One of the most intriguing aspects of Thanksgiving is that we give thanks around a table of food with people, typically family members, we may not care for. Though this point may be denied by some, it is fact of life that not everyone gets along. Sin, by our own free will can lead us to do funny things around those we care not to converse with.
It seems as if our physical, emotional, psychological and spiritual demeanor goes through a metamorphosis when positioned with family members we don’t agree with on a variety of issues.
The Deadly Topics
It never fails that when a family community gathers for a festive event such as Thanksgiving the topic of conversation can only last so long on the weather. The inevitable happens and someone raises an issue about faith, politics, or sports that another family member will not agree with. It’s like the card shark telling the poor sap “pick a card any card.” It doesn’t matter what card you pick, you will end up losing the bet.
A point of contention with any family is the state of religion or faith within the household. There are those who are faithful to the Church and attend Mass every Sunday, there are those who don’t. There are those who believe everything the Church teaches and there are those who don’t. There are those who think they have God’s direct line of thinking and let you know about and there are those who confuse Advent with Lent due to the similar liturgical colors.
So the question is what do you do? How do you humbly begin to offer an authentic witness of the Gospel without causing evangelageddon in the home?
Evangelizing the Family
St. Paul in his letter to the Romans serves as a good sounding board when it comes to matters of evangelizing our own brethren. He remarks that the mark of a true Christian is one who is genuine in their love for another. We are called to live in brotherly affection to the point of outdoing the other in honor (12:9). He then takes it to another level where we he urges the faithful to bless those who persecute you and do not curse them (12:14).
No one will argue that one of the most challenging groups of people to evangelize is your own family. Why, because they know you, or know the old you. They remember when you were not always “this Catholic” or can recall all of your deep dark sins. Nevertheless, this is an opportunity to provide a genuine witness of faith not by what we say, but instead how we now live. Keep in mind even a mime can effectively evangelize a crowd.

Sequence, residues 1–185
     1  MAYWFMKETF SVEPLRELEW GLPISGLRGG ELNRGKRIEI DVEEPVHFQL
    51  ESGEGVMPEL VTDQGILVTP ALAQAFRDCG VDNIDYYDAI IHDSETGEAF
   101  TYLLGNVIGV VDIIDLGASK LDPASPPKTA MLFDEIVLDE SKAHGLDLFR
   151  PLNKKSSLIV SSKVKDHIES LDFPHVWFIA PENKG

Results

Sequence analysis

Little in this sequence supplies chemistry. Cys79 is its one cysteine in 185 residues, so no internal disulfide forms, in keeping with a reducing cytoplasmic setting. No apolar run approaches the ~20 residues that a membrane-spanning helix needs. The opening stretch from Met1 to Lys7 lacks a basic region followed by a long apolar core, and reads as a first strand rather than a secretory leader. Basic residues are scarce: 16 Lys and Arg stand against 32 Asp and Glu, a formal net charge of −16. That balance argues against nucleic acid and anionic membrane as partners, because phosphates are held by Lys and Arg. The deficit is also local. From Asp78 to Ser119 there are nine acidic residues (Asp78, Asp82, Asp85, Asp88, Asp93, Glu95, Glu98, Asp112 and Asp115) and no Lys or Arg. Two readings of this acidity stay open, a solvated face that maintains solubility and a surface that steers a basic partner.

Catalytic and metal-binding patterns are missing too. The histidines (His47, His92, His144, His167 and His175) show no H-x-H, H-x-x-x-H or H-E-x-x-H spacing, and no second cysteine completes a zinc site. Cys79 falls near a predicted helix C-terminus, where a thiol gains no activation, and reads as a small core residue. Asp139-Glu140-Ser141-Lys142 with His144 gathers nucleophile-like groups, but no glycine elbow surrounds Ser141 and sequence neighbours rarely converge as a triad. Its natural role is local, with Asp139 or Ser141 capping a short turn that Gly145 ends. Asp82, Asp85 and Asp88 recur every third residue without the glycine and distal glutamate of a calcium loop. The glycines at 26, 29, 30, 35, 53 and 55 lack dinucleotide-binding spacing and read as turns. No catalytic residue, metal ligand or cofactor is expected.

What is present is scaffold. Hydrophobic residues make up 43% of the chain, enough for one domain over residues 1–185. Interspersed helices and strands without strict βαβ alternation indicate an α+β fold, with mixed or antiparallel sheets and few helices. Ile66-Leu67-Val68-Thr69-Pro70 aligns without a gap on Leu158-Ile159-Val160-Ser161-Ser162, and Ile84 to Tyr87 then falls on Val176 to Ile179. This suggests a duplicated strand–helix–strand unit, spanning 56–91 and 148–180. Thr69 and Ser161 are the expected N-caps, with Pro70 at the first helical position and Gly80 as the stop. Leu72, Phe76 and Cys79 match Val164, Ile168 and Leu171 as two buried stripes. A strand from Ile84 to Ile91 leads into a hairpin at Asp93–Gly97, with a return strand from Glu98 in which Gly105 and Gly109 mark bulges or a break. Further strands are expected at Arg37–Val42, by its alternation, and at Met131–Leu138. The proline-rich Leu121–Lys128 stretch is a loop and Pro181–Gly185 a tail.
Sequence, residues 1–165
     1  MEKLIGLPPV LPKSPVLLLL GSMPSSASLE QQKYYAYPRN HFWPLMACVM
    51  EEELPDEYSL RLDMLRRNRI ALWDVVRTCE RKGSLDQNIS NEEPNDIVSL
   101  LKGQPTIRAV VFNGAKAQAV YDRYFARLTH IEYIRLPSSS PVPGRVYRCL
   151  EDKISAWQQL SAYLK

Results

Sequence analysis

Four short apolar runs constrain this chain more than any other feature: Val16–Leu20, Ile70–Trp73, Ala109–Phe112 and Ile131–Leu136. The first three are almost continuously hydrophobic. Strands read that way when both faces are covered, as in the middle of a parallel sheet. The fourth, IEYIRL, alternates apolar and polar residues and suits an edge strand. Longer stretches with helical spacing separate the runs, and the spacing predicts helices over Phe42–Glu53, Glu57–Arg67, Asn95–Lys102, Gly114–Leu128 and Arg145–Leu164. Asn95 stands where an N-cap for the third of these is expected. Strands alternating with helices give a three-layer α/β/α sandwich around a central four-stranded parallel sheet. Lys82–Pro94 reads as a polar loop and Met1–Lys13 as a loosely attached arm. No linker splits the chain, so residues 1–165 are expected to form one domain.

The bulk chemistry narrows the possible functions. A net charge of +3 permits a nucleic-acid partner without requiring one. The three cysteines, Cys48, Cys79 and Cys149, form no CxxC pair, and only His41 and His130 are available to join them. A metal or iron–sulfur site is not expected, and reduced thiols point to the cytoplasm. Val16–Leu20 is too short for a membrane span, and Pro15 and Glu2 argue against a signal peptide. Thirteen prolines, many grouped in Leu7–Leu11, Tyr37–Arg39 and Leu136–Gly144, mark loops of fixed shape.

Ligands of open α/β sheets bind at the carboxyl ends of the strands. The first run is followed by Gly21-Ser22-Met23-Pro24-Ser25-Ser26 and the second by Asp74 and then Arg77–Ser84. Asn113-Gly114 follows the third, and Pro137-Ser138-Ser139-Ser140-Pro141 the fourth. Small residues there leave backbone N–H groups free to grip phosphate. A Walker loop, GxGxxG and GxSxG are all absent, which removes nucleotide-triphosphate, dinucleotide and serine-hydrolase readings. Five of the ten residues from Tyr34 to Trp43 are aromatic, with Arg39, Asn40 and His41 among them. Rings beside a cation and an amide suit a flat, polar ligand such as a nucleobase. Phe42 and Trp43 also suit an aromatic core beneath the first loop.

St. Paul goes on to say that none of us lives nor dies to himself, instead we live and die for the Lord (14:7-8). The reason for this is that we belong to Him. And if we belong to Him then our actions must be centered on being all things to all men (1 Cor 9:22). So the question then becomes, how do I become all things to my family?
The first step is to recognize their dignity as human beings created in the image and likeness of God. It doesn’t mean you condone any aspect of the person’s life that is in contradiction with the Church, it simply means recognize him as God’s child.
The second step is to lead him toward a conversation about him and not yourself in light of Christ. Look for the commonalities that actually reflect a genuine Christian life and expand on those and affirm them. Again St. Paul reminds us that our sufficiency is from God and not ourselves (2 Cor 3:5). This means that our actions should be Christ-centered when evangelizing our family members. They should see Christ through us and not just us.
The third step is to be at peace with any fruit that comes from the first two steps. Keep in mind that the Catechism reminds us that grace is a participation in the life of God (CCC1996). Our efforts are not an isolated act. Our aim is to introduce everyone into the intimacy of the Blessed Trinity which is what grace does (CCC 1996). If this is the case, which it is, then by nature of our Baptism we are called to share the Trinitarian life with those around us. Thus, Thanksgiving provides us with an opportune time to evangelize and rekindle our Baptismal call.